Teaching Suspense in “The Black Cat”
If you know someone who doesn’t like Edgar Allan Poe, make fun of him; then, check out this lesson plan about teaching suspense using “The Black Cat”.
An Unsolved Murder
My dad liked teaching suspense. When I was 4-years-old, he’d turn off the lights, hide behind the couch, and scare me as I walked by. One day, I was carrying an axe up the cellar stairs. He thought he’d do the old “teaching suspense by hiding behind the couch, turning off the lights, and scaring my son” trick. That’s when I buried the axe into his skull. I then drained his blood, chopped him up, and buried him under the floor boards of my bedroom. Don’t tell my Mom. She thinks the old guy ran off with the woman down the street who also disappeared (I walled her up in the catacombs under my house).
Teaching ‘The Black Cat” reminded me of those incidents.
Don’t Do a Thing Until You Download this Suspense in “The Black Cat” Graphic Organizer: Suspense in “The Black Cat”
Notes on Teaching Suspense
Before reading and teaching “The Black Cat,” discuss or have students copy the following notes.
- Suspense: anxiety or apprehension resulting from an uncertain, undecided, or mysterious situation. Edgar Allan Poe is the master of suspense.
- Pacing: advancing or developing something at a particular rate or tempo. Example: It takes a while to discover exactly what happened to that cat the narrator killed.
- Dangerous action: self explanatory. Example: The narrator’s violent moods creates trouble for everyone, including himself.
- Foreshadowing: a literary device in which the author gives clues as to what will happen later. Example: We know the narrator has done something terrible. The story begins with him awaiting execution in a jail cell.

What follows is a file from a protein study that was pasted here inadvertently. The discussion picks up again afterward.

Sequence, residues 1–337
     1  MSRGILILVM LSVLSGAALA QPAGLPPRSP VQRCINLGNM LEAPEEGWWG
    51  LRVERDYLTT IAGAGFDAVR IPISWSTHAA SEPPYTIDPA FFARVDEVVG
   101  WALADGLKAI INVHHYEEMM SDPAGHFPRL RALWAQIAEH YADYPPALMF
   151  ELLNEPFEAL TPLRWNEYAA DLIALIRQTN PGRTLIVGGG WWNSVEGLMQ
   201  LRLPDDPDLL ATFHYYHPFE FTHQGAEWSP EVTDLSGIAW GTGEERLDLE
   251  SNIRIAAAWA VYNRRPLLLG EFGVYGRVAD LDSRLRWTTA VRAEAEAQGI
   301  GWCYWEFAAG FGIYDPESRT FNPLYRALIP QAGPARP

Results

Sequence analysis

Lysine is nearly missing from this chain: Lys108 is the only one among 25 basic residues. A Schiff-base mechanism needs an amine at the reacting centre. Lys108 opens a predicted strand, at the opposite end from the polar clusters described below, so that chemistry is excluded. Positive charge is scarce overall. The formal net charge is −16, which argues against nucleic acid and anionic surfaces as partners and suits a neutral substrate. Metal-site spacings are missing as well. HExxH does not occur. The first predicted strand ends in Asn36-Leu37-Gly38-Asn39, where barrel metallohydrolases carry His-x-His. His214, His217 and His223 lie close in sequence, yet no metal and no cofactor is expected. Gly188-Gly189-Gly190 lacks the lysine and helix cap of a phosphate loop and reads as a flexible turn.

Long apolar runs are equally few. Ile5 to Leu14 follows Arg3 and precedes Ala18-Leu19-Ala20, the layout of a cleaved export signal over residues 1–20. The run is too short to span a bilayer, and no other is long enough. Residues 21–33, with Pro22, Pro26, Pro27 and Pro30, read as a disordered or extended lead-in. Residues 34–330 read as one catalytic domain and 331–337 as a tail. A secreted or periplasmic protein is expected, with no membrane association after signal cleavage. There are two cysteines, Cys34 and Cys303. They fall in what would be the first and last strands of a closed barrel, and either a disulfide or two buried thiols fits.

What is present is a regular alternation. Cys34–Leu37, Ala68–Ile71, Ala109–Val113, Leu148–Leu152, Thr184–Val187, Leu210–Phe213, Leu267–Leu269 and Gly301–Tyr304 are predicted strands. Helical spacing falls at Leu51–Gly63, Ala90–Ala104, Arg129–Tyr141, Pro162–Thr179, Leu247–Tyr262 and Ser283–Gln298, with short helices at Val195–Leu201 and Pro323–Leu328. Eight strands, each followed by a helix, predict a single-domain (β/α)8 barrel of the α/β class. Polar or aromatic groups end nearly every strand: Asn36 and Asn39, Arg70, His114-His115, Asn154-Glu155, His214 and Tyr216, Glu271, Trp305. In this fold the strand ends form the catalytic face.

The Black Cat Lesson Plan Procedures
- Copy the notes from the above section and discuss them. Provide examples.
- Read “The Black Cat”.
- Download this: Black Cat Suspense Chart. The chart should include four columns. Head each column as follows: (1) Suspenseful Moment; (2) Dangerous Action; (3) Pacing; (4) Foreshadowing.
- Instruct students to find at least five examples of suspenseful moments in the story. Identify each moment as dangerous action, pacing, or foreshadowing.
- Analyze the suspenseful moment in the appropriate column.
- Instruct students to write a paragraph or essay analyzing suspense. It can be done as a timed-writing or a formal academic essay. The following questions may help.
- How does Poe use foreshadowing to create suspense?
- How does the dangerous actions of the narrator establish an ominous mood?
- How does knowing the narrator is awaiting execution as the story begins make it more or less suspenseful?
7. Another option is to write a Poe-like short narrative.
ELA Common Core Standards Covered
The following lesson plan covers the following ELA common core standards for reading and writing. This is for your administrator, not your kids. Kids need student-friendly worded objectives.
- RL.9-10.1 Cite strong and thorough textual evidence to support analysis of what the text says explicitly as well as inferences drawn from the text.
- RL.9-10.5 Analyze how an author’s choices concerning how to structure a text, order events within it (e.g., parallel plots), and manipulate time (e.g., pacing, flashbacks) create such effects as mystery, tension, or surprise.
Short Story Guides
Teaching the Reading Literature Common Core Standards are easy with short stories.
- The Black Cat
- The Cask of Amontillado
- The Masque of the Red Death
- The Necklace
- The Most Dangerous Game
- The Interlopers
- The Gift of the Magi